Enda Kenny was accused of undermining promises the inquiry would be independent after he said the terms of reference cannot be agreed until the committee make up is changed to create a Government majority.
The first meeting of the inquiry team — due to take place today — has been suspended because of a dispute over its membership.
The Government is attempting to overturn the result of a vote by the Seanad selection committee last week that appointed Fianna Fáil’s Marc MacSharry to the nine-person committee.
The Government’s preferred candidate, Labour senator, Susan O’Keeffe, did not get selected after she and some of her colleagues failed to turn up to vote, meaning the Government will have just four members compared to the opposition’s five.
Fianna Fáil’s Michael McGrath said the only way the Government could overturn the vote was to “set aside decades of practice and convention and bring a motion to the Seanad to seek to overrule and overturn”.
This would amount to a “power grab” and “would raise the question once again as to why the Government is so determined to control this banking inquiry lock, stock and barrel”.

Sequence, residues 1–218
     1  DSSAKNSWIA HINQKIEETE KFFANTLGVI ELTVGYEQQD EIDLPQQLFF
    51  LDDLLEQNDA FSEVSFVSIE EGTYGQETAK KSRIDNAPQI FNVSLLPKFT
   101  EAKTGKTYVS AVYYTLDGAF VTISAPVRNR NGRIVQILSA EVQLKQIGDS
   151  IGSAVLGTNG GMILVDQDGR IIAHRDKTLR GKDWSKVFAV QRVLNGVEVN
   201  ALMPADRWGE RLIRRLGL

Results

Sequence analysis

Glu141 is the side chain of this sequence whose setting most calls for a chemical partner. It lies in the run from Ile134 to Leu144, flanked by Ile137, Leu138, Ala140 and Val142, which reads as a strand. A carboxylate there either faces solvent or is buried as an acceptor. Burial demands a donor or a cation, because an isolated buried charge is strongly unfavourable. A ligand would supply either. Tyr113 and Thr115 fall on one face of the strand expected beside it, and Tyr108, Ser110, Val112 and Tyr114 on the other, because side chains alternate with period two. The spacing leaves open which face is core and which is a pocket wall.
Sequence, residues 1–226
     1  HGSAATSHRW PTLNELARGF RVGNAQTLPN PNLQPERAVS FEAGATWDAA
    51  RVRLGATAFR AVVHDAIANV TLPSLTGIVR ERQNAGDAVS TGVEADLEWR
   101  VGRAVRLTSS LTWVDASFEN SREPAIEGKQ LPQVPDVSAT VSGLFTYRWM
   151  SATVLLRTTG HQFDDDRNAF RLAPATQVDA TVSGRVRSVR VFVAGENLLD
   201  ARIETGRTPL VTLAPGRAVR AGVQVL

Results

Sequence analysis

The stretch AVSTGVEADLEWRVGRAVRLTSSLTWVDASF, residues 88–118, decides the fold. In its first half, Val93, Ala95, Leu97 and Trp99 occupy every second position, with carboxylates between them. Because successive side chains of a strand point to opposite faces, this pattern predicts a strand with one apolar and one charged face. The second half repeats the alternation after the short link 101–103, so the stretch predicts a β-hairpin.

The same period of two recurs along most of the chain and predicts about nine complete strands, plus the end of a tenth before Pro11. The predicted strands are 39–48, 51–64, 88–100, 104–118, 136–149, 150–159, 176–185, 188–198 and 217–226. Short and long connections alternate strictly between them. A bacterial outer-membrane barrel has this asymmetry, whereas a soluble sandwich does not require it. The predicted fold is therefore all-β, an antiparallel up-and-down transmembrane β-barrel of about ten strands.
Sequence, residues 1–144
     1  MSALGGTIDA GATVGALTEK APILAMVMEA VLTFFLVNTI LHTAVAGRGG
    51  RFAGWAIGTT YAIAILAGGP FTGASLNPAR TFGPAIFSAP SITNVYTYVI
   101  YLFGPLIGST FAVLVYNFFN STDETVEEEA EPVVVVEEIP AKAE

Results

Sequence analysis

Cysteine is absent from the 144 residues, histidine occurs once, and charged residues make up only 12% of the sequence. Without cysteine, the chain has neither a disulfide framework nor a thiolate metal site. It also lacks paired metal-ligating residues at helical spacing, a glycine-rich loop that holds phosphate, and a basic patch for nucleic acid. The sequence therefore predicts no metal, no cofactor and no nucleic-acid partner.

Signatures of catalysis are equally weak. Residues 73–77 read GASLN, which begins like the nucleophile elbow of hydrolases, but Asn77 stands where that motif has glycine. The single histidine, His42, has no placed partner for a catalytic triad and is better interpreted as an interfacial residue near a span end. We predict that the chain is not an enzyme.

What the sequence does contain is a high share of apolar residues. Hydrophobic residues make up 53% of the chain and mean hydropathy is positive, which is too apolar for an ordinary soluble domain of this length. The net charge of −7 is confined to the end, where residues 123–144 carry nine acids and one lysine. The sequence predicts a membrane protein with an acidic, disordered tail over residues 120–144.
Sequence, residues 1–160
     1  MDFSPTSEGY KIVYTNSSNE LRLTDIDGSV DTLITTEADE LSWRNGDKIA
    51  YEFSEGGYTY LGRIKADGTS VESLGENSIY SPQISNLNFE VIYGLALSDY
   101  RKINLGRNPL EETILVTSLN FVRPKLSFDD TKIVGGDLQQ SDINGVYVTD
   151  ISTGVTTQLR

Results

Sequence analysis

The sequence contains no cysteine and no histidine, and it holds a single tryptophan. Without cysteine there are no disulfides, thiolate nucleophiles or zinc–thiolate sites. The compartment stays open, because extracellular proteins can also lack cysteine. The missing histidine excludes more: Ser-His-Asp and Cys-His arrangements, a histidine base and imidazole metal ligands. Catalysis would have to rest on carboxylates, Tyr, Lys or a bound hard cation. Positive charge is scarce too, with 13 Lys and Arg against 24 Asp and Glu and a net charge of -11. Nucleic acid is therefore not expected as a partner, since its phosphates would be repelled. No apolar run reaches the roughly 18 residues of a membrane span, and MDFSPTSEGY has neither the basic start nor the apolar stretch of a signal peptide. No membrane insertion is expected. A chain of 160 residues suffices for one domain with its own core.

In the Dáil yesterday, the Taoiseach said: “Obviously there was a voting procedure that took place last week. But in order for terms of reference to be adopted and for a mandate to be given, the Government need to have a majority.”
In response to questions from Fianna Fáil leader, Micheál Martin, he said: “Clearly the situation that applies at the moment is the Government don’t have a majority. But you have to be able to adopt terms of reference. If you don’t have a majority, you can’t do that.”
And he asked Mr Martin: “How do I know what the members will do?”
The Fianna Fáil leader tried to intervene, but Ceann Comhairle Seán Barrett, ruled him out of order and insisted he sit down, before eventually suspending the Dáil for 10 minutes.
Mr Martin later issued a statement saying Mr Kenny’s comments “completely undermined the commitments given previously by Minister Brendan Howlin and others who explicitly assured the public that this inquiry would not be a creature of the Government but would be an independent Oireachtas inquiry.”
He challenged Mr Howlin to state if he could stand over the remarks by the Taoiseach “who appears to believe that it will be the Government that will set the terms of reference and then whip Fine Gael and Labour TDs and senators to approve these and agree them as the basis of the banking inquiry”.